This article explains the ERG theory by Clayton Alderfer in a practical way. After reading you will understand the basics of this powerful motivation theory.
Many academics have examined various theories with respect to satisfying needs and motivation.
From this level people can climb to a higher level again.
What is the ERG theory?
According to Clayton Alderfer, “Existence Needs” are survival needs that correspond with Abraham Maslow’s physiological and safety needs. To exist, every individual needs extrinsic values such as food, drink, warmth and love. Clayton Alderfer thinks these “Existence Needs” are obvious and that they form the basis for human existence.
The “Relatedness Needs” focus on relatedness needs. Humans are social animals and need appreciation from the people directly involved in their lives such as family, friends, colleagues and employers. The “Relatedness Needs” relate with Abraham Maslow’s social needs and external self-esteem needs. Interpersonal relationships are important for a person’s social status and interaction with other people.
With “Growth Needs”, Clayton Alderfer focuses on the need of people to grown and develop themselves. The “Growth Needs” correspond with the fifth level of Maslow ’s Hierarchy of Needs that correspond with self-actualization needs. For the inner self-esteem it is important for people to grow as a person.
Contrary to Maslow’s theory, according to Clayton Alderfer ‘s ERG theory, different needs categories can be satisfied simultaneously. Therefore, the necessary order as proposed by Abraham Maslow no longer applies. When managers motivate their employees, they their employees’ various needs into account and they should satisfy these simultaneously.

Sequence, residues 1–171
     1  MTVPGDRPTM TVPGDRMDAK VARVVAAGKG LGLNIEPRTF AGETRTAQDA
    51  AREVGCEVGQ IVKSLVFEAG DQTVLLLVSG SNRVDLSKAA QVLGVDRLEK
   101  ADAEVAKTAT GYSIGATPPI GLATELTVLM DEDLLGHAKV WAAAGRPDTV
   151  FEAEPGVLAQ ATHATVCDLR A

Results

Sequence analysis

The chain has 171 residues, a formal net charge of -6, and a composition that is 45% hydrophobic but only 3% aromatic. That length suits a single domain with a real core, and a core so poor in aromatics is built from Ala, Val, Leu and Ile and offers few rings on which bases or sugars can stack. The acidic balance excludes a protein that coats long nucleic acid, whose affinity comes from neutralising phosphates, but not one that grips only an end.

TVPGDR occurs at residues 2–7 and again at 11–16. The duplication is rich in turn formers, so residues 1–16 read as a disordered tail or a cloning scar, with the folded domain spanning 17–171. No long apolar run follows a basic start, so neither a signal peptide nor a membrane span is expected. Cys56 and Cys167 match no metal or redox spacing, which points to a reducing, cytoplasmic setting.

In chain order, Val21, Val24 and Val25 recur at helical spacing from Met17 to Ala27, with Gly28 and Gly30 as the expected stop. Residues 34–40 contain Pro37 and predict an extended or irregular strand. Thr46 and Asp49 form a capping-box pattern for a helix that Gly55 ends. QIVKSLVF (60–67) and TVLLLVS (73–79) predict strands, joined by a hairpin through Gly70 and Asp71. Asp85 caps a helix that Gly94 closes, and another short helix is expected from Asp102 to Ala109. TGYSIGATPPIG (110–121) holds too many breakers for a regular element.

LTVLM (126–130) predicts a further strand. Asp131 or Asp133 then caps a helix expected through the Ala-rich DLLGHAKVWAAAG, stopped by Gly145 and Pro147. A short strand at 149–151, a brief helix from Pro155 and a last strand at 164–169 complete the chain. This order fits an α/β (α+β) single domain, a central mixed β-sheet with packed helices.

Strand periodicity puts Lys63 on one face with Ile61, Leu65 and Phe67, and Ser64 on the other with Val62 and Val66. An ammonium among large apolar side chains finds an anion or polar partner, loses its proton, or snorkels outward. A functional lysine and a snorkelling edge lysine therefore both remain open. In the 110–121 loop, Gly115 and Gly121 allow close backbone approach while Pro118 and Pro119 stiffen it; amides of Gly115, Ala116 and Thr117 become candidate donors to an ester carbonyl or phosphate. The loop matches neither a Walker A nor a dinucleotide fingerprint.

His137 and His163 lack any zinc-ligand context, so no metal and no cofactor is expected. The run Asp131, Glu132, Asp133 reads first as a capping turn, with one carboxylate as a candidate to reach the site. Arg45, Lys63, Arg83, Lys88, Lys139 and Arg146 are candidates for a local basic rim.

Within de ERG theory, Clayton Alderfer describes a frustration-regression hypothesis. Except for growth (progression), people can indeed regress down (regression) to a lower needs category that has been largely satisfied. When someone’s needs in a higher category cannot be satisfied, Clayton Alderfer claims that they will focus on related needs in a lower needs category. If they cannot realize the “Growth Needs” by means of self-enrichment, this person will do anything to satisfy their “Relatedness Needs”. They will fully devote themselves to establishing their relationships with people in their environment.
- Alderfer, C. P. (1969). An empirical test of a new theory of human needs. Organizational behavior and human performance, 4(2), 142-175.
- Alderfer, C. P. (1977). A critique of Salancik and Pfeffer’s examination of need-satisfaction theories. Administrative Science Quarterly, 658-669.
- Ivancevich, J. M., Matteson, M. T., & Konopaske, R. (1990). Organizational behavior and management. Bpi/Irwin.
- Schneider, B., & Alderfer, C. P. (1973). Three studies of measures of need satisfaction in organizations. Administrative Science Quarterly, 489-505.
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